“Total pillow-phile.” Dropping the blue one in the vat, she dips her hand in and riffles around, rooting through a sea of chocolate brown, deep purple, and rich red pillows. Some are square, some circular, some cylindrical. She finds one that's emerald green and long.

“Look!” Her face lights up as if she's discovered a pirate's booty.

“What's the pillow love all about, Josie?”

Hugging it tighter, she answers, “Pillows are wonderful. We can nap with them, cuddle with them, put our feet on them. Also,” she says, wagging a finger to draw me closer and dropping her voice to a whisper, “they're boob friends.”

And I'm a cartoon character knocked senseless. It's as if I've been hit with a frying pan of naughty, and the dirty lobe of my brain has rattled free. “Boob friends?”

Josie wiggles her eyebrows and backs up into the aisle next to the pillows.

I follow.

I'd follow her anywhere right now because she just uttered my favorite word.
. For the record, my second favorite word is tits. Third is breasts.

She bites her lip, glances from side to side, then draws the pillow right between the valley of the goddesses on her chest.

I groan.


And my dick springs to attention in my jeans, the shameless fucker.

Then, it's story time for Josie Hammer, as she launches into a tale. “Once upon a time, I had a stuffed crocodile. He was a small, green creature who lived on my bed, a present from when I was younger and in the middle of a big love fest for the
Lyle, Lyle, Crocodile
books. I made him talk, and I named him Lyle Lyle, too.”


Her eyes twinkle. “But what was truly clever was how in middle school I discovered Lyle Lyle's real purpose. You see, he came in quite handy for this early bloomer. When I was twelve and started getting these,” she says, gesturing to those absolutely fucking magnificent globes, “I started sleeping with Lyle Lyle.”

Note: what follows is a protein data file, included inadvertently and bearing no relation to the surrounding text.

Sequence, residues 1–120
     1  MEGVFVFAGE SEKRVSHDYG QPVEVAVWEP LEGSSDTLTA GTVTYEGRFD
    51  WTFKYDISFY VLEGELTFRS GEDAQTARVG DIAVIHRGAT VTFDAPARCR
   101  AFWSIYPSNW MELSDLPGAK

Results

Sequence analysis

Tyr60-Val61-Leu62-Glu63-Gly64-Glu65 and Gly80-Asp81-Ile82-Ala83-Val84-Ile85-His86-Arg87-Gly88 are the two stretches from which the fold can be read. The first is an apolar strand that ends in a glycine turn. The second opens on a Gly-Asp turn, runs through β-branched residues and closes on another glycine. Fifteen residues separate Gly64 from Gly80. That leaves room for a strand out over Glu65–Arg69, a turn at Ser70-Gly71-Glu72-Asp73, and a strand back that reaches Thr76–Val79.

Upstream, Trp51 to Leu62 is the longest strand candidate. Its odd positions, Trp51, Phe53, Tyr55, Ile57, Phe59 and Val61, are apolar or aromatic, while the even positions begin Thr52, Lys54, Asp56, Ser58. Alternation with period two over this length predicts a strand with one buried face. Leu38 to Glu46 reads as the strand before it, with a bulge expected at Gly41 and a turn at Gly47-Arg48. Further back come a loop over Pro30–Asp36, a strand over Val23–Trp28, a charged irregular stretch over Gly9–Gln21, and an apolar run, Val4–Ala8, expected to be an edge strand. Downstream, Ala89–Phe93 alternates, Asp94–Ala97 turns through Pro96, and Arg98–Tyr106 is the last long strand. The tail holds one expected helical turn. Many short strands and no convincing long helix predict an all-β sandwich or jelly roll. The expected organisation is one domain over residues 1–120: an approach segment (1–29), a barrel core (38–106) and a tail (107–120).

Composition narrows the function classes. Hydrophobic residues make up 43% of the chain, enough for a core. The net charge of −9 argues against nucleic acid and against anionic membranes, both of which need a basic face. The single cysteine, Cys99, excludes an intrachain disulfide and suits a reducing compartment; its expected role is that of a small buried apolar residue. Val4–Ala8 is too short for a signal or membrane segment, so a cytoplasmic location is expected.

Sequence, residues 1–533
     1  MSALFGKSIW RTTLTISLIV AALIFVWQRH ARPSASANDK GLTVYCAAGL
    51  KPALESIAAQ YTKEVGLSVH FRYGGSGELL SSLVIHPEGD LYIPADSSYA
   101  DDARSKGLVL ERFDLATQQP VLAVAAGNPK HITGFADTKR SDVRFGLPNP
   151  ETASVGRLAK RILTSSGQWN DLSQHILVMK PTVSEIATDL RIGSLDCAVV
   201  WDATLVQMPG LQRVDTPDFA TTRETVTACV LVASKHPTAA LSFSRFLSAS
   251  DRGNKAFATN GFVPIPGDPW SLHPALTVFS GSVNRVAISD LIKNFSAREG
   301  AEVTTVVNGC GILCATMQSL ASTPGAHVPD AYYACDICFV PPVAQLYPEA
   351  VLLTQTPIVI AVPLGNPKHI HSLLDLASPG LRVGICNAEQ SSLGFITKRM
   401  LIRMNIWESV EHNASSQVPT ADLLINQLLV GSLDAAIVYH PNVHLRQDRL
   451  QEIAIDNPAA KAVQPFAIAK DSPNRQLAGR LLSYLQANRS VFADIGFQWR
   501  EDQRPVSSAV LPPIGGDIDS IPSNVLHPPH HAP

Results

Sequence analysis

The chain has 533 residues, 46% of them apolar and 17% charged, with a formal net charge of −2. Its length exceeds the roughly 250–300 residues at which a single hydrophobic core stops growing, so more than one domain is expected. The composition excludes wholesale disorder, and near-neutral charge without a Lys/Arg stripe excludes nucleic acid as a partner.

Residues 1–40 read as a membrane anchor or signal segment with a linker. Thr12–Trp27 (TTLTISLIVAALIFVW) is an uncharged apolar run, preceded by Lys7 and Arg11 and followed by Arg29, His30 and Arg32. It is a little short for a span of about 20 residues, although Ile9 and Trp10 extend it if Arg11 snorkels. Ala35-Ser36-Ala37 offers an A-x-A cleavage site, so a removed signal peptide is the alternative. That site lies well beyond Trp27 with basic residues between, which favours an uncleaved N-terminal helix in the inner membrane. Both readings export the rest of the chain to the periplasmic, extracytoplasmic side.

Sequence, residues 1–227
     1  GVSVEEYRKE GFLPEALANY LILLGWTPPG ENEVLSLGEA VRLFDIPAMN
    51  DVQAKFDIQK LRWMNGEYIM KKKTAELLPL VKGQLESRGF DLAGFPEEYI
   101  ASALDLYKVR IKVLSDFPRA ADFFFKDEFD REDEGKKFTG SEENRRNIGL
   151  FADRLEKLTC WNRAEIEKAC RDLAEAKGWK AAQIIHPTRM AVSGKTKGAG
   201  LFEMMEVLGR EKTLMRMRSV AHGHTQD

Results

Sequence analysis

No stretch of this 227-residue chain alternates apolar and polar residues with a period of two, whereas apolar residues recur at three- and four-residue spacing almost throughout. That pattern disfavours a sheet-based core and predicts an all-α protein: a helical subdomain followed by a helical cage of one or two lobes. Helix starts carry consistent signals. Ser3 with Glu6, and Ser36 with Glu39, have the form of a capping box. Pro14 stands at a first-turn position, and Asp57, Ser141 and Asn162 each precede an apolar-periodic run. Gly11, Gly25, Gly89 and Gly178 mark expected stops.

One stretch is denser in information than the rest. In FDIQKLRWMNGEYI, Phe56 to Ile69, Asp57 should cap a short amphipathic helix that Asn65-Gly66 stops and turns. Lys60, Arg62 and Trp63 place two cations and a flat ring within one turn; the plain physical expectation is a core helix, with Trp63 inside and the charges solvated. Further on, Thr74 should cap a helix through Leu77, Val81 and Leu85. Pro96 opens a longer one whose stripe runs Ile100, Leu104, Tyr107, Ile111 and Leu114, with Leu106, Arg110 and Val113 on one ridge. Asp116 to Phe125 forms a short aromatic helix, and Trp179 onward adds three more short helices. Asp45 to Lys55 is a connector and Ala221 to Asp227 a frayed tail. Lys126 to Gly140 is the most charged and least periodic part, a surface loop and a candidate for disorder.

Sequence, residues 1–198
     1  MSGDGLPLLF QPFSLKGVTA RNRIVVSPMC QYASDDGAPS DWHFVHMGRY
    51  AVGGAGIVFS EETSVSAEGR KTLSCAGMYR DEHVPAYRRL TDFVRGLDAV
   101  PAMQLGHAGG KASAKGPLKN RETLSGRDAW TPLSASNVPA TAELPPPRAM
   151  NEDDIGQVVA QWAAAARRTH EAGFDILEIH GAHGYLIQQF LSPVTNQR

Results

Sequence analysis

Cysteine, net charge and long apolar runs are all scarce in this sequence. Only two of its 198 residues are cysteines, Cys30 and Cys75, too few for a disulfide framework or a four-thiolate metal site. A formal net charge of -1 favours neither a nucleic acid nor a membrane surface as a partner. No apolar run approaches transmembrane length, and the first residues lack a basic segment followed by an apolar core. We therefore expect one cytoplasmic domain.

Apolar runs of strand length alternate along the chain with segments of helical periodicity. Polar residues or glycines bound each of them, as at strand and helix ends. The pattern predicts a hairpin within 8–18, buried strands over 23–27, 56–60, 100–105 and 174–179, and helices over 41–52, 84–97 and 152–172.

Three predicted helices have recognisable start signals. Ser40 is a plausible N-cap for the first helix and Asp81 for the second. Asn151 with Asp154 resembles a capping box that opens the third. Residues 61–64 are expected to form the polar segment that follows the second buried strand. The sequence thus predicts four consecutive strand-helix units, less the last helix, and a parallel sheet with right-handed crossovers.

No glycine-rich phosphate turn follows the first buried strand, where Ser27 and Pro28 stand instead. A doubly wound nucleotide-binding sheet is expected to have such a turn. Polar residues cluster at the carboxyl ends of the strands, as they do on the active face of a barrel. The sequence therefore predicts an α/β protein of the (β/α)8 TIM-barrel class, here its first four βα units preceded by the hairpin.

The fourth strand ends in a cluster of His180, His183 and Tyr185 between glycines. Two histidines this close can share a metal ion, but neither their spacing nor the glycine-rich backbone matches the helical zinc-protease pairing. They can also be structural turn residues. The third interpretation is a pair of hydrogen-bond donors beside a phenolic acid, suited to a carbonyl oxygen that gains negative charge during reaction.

“You slept with the stuffed crocodile?” I ask, my throat as dry as my dick is hard.

She nods and hugs the green pillow tighter between her breasts.

“Why did you sleep with him?” I ask because the answer eludes me.

She shifts her weight so she's leaning a bit to the right. “Because when you sleep on your side, the girls kind of fall on top of each other and smash each other. It can be a little uncomfortable.”

Yeah, like the tightness in my pants right now

“I bet,” I choke out.

“So Lyle Lyle got a job. I enlisted him as a boob friend. I slept with him every night, and he delivered complete and utter boob comfort.”

That lucky fucking inanimate animal. “I want to grow up to be a stuffed crocodile.”

Josie's green eyes widen, then she laughs. “I like you just fine as you, though.”

I hold up my forearm. “Then consider this. Would this work as a boob friend? Hypothetically, of course. I'm pretty sure my hand would fit nicely between a pair of boobs.”

She swats me. “If the pillow fails, I'll rap twice on the wall.”

“Honestly, you don't even have to knock. Just come into my room, grab my hand, and slide it between the girls.” My eyes drift to her 36Cs. What? I can tell from looking. It's a scientific gift of mine.

“What color are my eyes?”

Her question doesn't compute. I snap my gaze back up to her face. “Green.”

She points to the bridge of her nose. “And they're here.”

“Seriously? You were talking about boobs. Pragmatically speaking, I had no choice but to look at the topic of conversation.”

She gives me an I-caught-you

I hold up my hands. “This is not a Swedish Fish moment. You brought it up.”

She lifts the green pillow and bonks me on the head with it. “And your hand offer is noted.”

“Just trying to be helpful. That's all.”

“And I appreciate it. I'm also buying this pillow.”

When we reach the counter, I pay for the pillow and hand it to her. I pay for her baking goods, too. “Have I ever told you I give amazing gifts? It's kind of a special talent of mine.”

She rolls her eyes, but as we leave, she lets go of the teasing and drops a soft kiss on my cheek. “Thank you for the amazing gifts. That was very sweet of you.”

Later, as we spend our first night together as roommates, I'm weirdly jealous of a pillow.

But a week or so after that, it's not pillows I'm jealous of.